(PC/PS4/PS5) From The Chinese Room and Dan Pinchback, the developer of DEAR ESTER — which can probably lay claim to being one of the most popular ‘walking simulators’ — came this extraordinarily fascinating and exceedingly measured look at an apocalyptic scientific event in a small English town.

It’s all there in the name: EVERYBODY’S GONE TO THE RAPTURE. Scientific forces are toyed with, and an entire town’s inhabitants disappear. ‘You’ discover their memories and piece together the event that unfolded.

Some might not label this as horror as it’s quite bloodless — in fact, if you didn’t know the context of why you’re there, it might feel quite quaint and cozy to explore this verdant Shropshire locale — but you do know why you’re there, and you know peoples lives have disappeared, and they are not coming back. Despite being entirely different tonally, it reminds me a bit of Carpenter’s PRINCE OF DARKNESS: the result of unbridled science.

I’d be remiss not to mention Jessica Curry’s orchestral score, as it’s expertly composed and woven into the work; it’s perfectly melancholy with its swell of strings and ethereal vocals, and is often what I think of first when I think of this game.

HORIZON: FORBIDDEN WEST (2021)

My gaming comfort food during the pandemic — stupidly, I’m literally someone known for writing about comfort food games — have been open-world games; almost exclusively ASSASSIN’S CREED games. Their doling of bite-sized, mostly frictionless, quests have been a balm while trapped inside.

It’s been a while since I’ve played HORIZON: ZERO DAWN, but I recall it as being a rather concise, smaller open-world game, one that doubled-down on plot and character rather than scenery and scale, and I greatly appreciated it for that.

HORIZON: FORBIDDEN DAWN is the polar opposite: it’s absolutely overwhelming and mind-bogglingly grandiose. When I think of the hours spent to make this, I feel a bit sick. While I think it could have reeled in its scope, I did find it notable in a number of other ways.

UNRULY HAIR

Aloy is one of the most fascinating triple-A leading videogame characters of recent times. A clone of one of the most influential scientific women of the game’s fictional history, she steps up and fills her shoes, although she does so while also being petulant and impulsive, all while still missing her ‘mother’ (her search for her was arguably the focal point of her introductory game, HORIZON: ZERO DAWN).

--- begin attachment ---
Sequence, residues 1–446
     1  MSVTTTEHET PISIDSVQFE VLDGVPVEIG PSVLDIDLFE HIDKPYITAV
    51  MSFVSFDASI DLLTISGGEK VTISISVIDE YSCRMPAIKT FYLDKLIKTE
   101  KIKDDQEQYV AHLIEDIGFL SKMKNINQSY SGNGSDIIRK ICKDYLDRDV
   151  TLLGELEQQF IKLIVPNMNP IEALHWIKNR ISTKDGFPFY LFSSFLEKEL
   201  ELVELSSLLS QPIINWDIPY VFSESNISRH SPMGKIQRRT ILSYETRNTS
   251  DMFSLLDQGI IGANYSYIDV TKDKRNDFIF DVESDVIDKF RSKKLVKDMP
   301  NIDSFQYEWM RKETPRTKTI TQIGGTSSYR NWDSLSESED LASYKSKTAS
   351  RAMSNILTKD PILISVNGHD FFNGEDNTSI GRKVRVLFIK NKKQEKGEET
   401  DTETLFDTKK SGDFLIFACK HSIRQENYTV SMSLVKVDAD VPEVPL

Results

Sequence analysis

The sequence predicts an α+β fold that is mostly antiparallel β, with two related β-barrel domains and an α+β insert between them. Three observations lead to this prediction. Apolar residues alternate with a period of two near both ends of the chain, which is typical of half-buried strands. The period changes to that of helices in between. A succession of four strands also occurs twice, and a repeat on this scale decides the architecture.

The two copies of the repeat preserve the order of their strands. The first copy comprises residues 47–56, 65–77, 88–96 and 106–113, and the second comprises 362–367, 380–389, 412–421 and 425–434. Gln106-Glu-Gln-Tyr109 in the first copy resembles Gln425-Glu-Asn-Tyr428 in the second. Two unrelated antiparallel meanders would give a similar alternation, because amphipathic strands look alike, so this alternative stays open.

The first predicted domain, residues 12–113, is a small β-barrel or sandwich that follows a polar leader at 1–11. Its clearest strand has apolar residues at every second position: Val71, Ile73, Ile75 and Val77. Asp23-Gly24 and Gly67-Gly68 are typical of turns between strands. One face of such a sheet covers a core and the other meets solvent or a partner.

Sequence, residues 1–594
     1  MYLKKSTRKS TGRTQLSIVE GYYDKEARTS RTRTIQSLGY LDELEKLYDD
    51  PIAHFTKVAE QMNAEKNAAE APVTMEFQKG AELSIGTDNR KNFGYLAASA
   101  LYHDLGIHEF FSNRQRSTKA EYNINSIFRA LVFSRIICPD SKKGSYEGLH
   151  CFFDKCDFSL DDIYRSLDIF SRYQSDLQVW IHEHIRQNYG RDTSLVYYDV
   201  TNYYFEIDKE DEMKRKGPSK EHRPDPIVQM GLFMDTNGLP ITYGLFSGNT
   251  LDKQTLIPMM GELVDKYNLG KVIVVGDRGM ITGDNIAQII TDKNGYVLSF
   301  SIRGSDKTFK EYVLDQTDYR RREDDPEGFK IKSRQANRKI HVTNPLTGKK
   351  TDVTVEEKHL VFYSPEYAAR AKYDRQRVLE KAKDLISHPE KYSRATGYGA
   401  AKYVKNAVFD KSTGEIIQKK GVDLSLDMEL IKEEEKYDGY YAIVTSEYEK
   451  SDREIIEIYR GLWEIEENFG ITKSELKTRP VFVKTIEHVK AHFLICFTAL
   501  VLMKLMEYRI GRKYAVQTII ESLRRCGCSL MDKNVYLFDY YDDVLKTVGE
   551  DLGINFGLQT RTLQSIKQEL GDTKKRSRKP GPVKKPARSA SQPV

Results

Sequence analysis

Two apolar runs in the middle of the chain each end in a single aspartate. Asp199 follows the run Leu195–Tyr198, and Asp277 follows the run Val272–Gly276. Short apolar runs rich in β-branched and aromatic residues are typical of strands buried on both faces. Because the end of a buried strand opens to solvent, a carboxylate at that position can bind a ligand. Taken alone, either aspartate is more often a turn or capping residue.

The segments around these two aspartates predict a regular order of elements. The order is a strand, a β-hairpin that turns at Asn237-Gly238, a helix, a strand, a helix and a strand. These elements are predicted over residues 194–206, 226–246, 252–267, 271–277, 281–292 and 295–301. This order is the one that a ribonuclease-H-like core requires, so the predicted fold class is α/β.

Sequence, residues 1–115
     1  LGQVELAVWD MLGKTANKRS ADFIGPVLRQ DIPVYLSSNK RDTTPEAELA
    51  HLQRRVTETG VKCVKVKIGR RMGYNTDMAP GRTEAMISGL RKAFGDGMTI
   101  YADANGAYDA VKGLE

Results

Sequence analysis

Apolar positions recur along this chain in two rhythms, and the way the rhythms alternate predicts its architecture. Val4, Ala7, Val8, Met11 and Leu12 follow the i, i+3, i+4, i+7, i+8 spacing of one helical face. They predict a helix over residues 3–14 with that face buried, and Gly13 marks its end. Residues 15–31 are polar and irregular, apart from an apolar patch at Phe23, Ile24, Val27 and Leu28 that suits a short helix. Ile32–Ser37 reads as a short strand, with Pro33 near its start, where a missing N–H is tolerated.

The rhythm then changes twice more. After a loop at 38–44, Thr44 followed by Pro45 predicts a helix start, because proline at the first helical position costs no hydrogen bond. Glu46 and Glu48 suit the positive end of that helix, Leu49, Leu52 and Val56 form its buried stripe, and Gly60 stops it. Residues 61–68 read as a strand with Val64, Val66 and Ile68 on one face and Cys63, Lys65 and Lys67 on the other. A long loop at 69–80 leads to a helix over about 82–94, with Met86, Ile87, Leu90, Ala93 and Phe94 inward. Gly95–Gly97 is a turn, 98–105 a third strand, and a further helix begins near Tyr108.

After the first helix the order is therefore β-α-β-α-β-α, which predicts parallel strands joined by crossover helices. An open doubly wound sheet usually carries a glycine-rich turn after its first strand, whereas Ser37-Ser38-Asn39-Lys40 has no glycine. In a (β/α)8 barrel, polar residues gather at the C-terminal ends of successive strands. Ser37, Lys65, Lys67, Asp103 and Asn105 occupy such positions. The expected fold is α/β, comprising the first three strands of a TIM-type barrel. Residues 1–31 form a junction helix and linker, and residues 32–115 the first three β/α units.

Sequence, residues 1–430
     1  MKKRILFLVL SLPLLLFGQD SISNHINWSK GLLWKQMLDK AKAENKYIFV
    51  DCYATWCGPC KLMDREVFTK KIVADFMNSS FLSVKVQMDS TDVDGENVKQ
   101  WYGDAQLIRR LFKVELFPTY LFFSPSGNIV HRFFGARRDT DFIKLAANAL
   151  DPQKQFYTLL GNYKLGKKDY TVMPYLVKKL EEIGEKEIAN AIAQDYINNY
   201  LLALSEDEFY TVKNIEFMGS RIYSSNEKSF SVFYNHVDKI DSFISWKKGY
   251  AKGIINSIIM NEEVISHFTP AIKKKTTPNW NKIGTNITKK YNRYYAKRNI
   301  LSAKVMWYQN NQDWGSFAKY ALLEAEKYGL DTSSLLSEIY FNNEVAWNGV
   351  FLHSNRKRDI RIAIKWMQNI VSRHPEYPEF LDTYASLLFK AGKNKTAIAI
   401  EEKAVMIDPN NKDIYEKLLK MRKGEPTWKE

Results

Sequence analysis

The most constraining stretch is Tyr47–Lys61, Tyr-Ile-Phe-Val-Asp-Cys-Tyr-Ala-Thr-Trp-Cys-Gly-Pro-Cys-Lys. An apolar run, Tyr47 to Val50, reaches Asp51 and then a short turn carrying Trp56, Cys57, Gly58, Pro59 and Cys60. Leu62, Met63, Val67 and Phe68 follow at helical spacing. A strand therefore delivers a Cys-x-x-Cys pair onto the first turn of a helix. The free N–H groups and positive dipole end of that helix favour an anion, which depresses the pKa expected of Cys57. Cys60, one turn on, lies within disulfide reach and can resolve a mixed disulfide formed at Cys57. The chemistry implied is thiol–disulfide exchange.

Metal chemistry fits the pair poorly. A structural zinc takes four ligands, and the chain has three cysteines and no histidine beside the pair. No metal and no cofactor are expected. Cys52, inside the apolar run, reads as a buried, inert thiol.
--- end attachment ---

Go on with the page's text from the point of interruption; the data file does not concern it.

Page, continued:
She also has some of the most dynamic, radiant red hair in videogames. Hair is a touchy subject when it comes to tech, as it’s often a point of programmatic pride, rarely born of character motivation. While it’s a film and not a videogame, look no further than Pixar’s BRAVE for a quintessential example, which was explicitly created as a way for them to show off their hair rendering tech (and similarly features a vibrant redhead).

As someone who has had long, wavy hair for far longer than I have not, and as someone who often thinks about hair and identity and representation, seeing anyone with unruly hair (or as Guerrilla Games labels it: tousled hair) in media has become oddly strange to see, as production models for entertainment have skewed closer to generic hairstyles to maintain continuity and production costs. While Aloy’s hair isn’t exactly curly, it is remarkably distinct and, in real life, would require significant management, something most folks don’t often think about. Long hair moves, it gets in the way; it’s something you are always aware of. It’s either in your vision or in your mouth or getting caught on something or in somewhere, and how Aloy’s hair is animated — always in motion, always cascading around her — reflects that same sort of bodily self-awareness. Even if some folks seem to think the hair animation is a bug, I see it as a feature.

It’s also worth noting that, apparently, a number of people don’t realize that women have hair elsewhere.

THE FUTURE IS FEMALE

One of the most amazing things about HORIZON: FORBIDDEN WEST is that it’s all about women repairing the damage that men have wrought. Almost all of the men alive and dead are villains or sidekicks, and the game is more than fine with that, but never explicitly calls attention to it which, for a triple-A videogame meant for worldwide consumption, seems wild, which is a sad remark on the state of blockbuster videogames.